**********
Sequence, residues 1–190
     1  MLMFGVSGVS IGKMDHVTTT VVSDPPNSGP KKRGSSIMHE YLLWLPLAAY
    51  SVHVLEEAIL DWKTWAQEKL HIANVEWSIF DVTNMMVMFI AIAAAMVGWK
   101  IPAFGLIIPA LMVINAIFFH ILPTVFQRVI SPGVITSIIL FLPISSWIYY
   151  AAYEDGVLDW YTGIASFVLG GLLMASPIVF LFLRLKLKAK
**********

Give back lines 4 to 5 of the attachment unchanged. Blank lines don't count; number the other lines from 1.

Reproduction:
   101  IPAFGLIIPA LMVINAIFFH ILPTVFQRVI SPGVITSIIL FLPISSWIYY
   151  AAYEDGVLDW YTGIASFVLG GLLMASPIVF LFLRLKLKAK